Sometimes parenthood is a planned event, and sometimes it’s not.
Either way, once you become a parent, your life will never be the same.
What if the parents are not married? How does the mother get the father to help?
“Paternity” refers to establishing who the legal father is
of a child. When a child’s parents are married, paternity is not
an issue because the law assumes that the husband is the child’s
legal father. If the parents aren’t married, then paternity will
have to be established.
How Paternity is Legally Established
In Colorado, there are two ways that
paternity can be established. The first way: the parents can establish paternity
voluntarily. The second method is through a court action, in which case
a judge decides who the child’s legal father is, and what his rights
and responsibilities will be.
If the mother and father agree on who the father is, they can sign a “Voluntary
Acknowledgement of Paternity” form, which establishes who the legal
father of the child is. Once this form is signed, the father’s name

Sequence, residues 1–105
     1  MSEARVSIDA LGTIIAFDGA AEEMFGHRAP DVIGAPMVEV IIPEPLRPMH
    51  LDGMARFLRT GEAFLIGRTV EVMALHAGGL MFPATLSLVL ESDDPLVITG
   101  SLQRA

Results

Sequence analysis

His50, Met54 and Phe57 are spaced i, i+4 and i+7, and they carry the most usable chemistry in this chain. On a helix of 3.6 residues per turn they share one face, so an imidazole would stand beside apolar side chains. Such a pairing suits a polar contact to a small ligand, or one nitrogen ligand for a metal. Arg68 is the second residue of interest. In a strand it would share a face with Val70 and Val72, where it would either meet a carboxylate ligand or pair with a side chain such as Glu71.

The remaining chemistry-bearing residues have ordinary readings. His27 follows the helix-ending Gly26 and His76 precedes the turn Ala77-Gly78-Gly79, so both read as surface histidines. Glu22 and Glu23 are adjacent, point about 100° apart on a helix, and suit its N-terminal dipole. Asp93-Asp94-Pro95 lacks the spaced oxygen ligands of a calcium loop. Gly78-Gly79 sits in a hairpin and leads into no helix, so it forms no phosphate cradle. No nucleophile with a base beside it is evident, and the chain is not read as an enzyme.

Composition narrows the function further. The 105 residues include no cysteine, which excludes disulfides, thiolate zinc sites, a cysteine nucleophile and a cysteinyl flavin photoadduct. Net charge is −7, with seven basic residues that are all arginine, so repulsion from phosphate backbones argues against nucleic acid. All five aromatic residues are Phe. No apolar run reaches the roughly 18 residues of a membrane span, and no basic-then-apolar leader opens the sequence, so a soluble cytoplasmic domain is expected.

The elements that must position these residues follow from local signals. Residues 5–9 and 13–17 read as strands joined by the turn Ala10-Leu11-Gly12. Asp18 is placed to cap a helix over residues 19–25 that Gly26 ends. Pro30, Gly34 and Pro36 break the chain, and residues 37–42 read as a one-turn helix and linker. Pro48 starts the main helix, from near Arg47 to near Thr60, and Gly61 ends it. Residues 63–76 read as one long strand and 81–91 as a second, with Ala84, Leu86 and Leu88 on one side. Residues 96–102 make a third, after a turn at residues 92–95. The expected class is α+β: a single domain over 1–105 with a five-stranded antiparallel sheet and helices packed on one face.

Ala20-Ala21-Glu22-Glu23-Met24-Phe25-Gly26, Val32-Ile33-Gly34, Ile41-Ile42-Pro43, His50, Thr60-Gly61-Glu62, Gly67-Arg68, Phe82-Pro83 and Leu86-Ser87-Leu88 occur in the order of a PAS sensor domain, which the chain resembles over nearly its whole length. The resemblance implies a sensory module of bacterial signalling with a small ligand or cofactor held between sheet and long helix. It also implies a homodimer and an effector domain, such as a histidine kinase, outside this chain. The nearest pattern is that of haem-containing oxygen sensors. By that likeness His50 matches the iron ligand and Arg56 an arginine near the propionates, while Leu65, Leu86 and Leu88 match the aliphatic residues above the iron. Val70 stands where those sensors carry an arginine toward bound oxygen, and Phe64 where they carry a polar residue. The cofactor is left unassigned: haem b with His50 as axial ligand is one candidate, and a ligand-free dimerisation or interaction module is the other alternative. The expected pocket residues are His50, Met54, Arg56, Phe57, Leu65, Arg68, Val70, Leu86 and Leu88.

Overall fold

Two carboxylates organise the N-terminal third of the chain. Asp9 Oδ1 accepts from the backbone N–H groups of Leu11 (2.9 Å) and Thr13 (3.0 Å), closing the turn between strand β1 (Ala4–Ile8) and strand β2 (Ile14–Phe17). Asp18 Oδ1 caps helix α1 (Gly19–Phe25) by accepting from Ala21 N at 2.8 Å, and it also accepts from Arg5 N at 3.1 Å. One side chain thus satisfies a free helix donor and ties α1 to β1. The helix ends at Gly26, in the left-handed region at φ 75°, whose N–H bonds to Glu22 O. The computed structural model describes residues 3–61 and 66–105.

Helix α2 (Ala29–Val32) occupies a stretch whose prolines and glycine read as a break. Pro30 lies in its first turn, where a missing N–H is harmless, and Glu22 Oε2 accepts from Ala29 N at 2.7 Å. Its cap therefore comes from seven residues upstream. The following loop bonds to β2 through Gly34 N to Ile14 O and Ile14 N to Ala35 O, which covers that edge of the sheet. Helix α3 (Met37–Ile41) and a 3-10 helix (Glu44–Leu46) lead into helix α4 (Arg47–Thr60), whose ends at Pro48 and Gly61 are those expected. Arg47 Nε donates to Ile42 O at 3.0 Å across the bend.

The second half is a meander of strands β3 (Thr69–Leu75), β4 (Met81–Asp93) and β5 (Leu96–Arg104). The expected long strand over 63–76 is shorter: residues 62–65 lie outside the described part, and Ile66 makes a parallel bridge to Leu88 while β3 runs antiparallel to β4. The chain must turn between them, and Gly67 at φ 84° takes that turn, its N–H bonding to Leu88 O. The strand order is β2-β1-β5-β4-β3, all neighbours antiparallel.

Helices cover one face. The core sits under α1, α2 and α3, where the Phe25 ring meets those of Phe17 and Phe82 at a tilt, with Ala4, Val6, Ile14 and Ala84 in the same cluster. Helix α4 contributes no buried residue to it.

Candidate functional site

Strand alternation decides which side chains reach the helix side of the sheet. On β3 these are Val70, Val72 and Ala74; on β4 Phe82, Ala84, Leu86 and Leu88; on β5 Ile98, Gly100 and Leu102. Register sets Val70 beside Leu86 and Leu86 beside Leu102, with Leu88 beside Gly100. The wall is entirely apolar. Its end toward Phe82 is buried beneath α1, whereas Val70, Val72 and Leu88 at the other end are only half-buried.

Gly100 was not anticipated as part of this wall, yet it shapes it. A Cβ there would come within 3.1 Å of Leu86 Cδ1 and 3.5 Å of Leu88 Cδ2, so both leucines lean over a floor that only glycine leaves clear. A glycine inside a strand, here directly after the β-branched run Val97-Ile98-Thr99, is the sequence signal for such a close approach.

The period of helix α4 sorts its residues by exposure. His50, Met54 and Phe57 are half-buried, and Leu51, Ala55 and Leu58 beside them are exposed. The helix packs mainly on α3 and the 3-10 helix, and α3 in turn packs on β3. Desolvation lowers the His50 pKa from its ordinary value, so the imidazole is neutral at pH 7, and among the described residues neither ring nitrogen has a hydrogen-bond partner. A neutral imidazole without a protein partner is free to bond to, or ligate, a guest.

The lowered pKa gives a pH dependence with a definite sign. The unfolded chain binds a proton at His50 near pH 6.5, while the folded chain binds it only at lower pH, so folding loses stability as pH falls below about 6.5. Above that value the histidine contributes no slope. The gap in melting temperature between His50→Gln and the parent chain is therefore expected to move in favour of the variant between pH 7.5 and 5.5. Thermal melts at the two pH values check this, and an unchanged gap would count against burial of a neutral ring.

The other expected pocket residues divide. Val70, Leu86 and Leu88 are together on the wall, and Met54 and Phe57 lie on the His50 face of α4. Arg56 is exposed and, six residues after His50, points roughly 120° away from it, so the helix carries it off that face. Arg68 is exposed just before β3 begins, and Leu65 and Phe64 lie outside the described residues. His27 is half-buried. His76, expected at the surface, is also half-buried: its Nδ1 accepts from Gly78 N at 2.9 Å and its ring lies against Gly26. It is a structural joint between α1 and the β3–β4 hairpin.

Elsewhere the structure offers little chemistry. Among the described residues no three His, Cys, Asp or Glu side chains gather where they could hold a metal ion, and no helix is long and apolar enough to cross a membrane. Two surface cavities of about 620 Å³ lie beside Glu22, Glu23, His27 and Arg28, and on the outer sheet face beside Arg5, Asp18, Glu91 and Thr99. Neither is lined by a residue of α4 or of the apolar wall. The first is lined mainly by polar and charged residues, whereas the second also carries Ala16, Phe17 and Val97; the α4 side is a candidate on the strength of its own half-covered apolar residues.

can be added to the child’s birth certificate.
After 60 days has passed since the VAP form was signed, neither parent
can rescind or revoke their acknowledgement without going to court.
What happens if the parents don’t agree on paternity? In this scenario,
someone will need to bring a court action in order to establish paternity.
Under Colorado law, the following parties may initiate the court process:
- If the child is under 18, his or her personal representative
- The child’s mother
- The child’s “putative father”
- A county department of social services
- A legal representative of a qualifying party
Court Orders After Paternity is Established
Whether the parents sign a voluntary acknowledgement of paternity, or establish
paternity through genetic tests (DNA tests) that identify the biological
father, once paternity is established, the judge has the authority to
issue court orders for:
- Child support
- Child custody (physical and legal custody)
- Visitation (for the non-custodial parent)
- Health insurance for the child
- Payment for court costs
- Payment for the genetic testing
Once paternity has been established, not only does the child’s father
become responsible for child support, but the father has the right to
seek custody and/or visitation of his child. Essentially, once paternity
is established, the father has the same rights and responsibilities of
a divorced father.
Have further questions about paternity in Denver? Contact
Jones Law Firm, PC
at (888) 850-9851 to schedule a free consultation with one of our family